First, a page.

The Luxury of Choosing to Default

Oct 19, 2013

- By Asad Dossani, Author, The Lucrative Derivative Report

Asad Dossani
Earlier this week, the US government averted a catastrophic default. The US Congress passed a last minute extension of the debt ceiling, and postponed the problem for a few months. We can certainly expect that this issue will come again when the debt ceiling expires in February 2014.

The most striking part of this US debt crisis is that it has been manufactured by politicians and has nothing to do with the economics of default. The US has the money to pay its obligations. The debt ceiling crisis was a question of whether they should choose to default, i.e. whether they should honor their obligations, despite having the ability to do so

No other country in the world has the luxury of choosing to default. In fact, most countries go to great lengths to avoid default. For example, throughout the Eurozone crisis, the entire focus was on how to prevent a default from taking place. In India's case, since our balance of payments crisis in 1991, we always ensure that we have adequate FX reserves so that we can pay our import bill.

The US has this choice to default because it is an economic power and its currency is the world reserve currency. This comes with many privileges including lower interest rates and not needing to worry about FX reserves. But with privilege also comes responsibility.

The US has a responsibility to ensure that they do not cause unnecessary instability to the global financial system, and this means not choosing to default. Just because they have the ability to cause a financial crisis is no reason to actually cause one. Just because you can jump of a bridge does not mean you should jump.

It also does not mean you should come close to jumping off, but this is exactly what the US government has done. They have miserably failed in living up to their responsibility that comes with the privilege of being an economic power.

Though the rest of the world is heavily impacted by US actions, there is little anyone can do to prevent this type of crisis from take place again. We can only hope that US politicians come to their senses and ensure that this does not occur again. But I would not count on that.

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is a financial analyst and columnist. He actively trades his own and others' funds, investing primarily in currency, commodity, and stock index derivative products. Prior to this, he worked at Deutsche Bank as an analyst in the FX derivatives team. He is a graduate of the London School of Economics. Asad is a keen observer of macroeconomic trends and their effects on global financial markets. He is deeply passionate about educating investors, and encouraging individuals to take part in and profit from financial markets. To put it colloquially, he wishes to take Wall Street products and turn them into Main Street profits!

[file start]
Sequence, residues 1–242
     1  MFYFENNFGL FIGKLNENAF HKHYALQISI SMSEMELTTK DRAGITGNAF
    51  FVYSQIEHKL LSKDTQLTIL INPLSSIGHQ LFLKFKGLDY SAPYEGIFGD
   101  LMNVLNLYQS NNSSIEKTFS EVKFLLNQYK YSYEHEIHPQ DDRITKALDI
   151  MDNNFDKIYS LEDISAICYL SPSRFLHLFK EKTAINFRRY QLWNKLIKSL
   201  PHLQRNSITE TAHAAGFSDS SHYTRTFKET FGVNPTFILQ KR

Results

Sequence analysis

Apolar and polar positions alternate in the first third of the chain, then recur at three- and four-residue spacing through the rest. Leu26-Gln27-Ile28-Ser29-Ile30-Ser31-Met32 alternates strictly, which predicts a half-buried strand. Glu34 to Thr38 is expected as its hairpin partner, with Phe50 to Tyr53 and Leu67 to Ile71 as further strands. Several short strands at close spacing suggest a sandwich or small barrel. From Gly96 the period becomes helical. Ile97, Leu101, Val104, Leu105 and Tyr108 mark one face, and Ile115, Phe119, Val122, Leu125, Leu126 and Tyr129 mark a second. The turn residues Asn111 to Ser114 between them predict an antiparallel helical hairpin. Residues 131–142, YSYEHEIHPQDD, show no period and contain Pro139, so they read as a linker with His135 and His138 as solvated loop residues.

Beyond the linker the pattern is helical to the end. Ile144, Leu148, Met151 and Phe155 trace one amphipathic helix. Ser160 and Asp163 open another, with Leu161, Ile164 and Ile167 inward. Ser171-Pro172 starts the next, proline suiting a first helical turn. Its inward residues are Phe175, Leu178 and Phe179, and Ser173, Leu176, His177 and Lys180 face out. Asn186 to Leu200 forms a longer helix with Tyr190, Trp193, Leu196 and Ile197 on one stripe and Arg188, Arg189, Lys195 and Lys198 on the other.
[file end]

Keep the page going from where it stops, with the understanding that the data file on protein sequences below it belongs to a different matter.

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5 Responses to "The Luxury of Choosing to Default"

ramana reddy

Oct 22, 2013

Your articles I mean all economists always beats round the bush. You all have been saying what if $ vanishes? that means is it that if the $ becomes 0 will Re -100?


Nabarun Halder

Oct 21, 2013

Its now painfully obvious that US can pay its debt by borrowing more money, in other words by increasing its debt limit. The mute question is how much debt a country can take before it can be said to have gone broke?

The slide of the dollar against all major currencies points to the fact that the status of dollar as reserve currency is gradually weakening.

If the US economic data starts showing better result, the Fed may start tapering early to protect the dollar from sliding further. That will probably result in the equity markets reversing its trajectory to the moon.

Its all really hypothesis based on what Fed might do in the foreeable future. Based on what they have done so far, and the choice of next Fed Head indicates they may remain dovish for quite some time more.

Where is the Black Swan lurking these days, or is it just a myth?


Prof Keshava Nireshwalia

Oct 20, 2013

It is indeed unfair for a country with such huge international debts not only to get away but cause upheavals in the economies of other nations by their willful defaults. It is high time to halt all economic equations on a few chosen currencies. There needs to be an independent money which truly equates across all economies. Private currency printing should be halted inthe interest of the USA as well as all nations.


V V S Prasad

Oct 20, 2013

One can threaten only once on one issue. The repetition makes the person more weaker. the Republicans should know this


C K Vaidya

Oct 20, 2013

I don't know what you mean by 'The US has the money to meet its obligations...'. If that was so, why raise debt ceiling and allow it borrow even more? What the US did by raising debt ceiling was to allow the Govt to pay Paul by borrowing even more from Peter. If they were not allowed to borrow even more from Peter, the Govt won't have been able to pay Paul.

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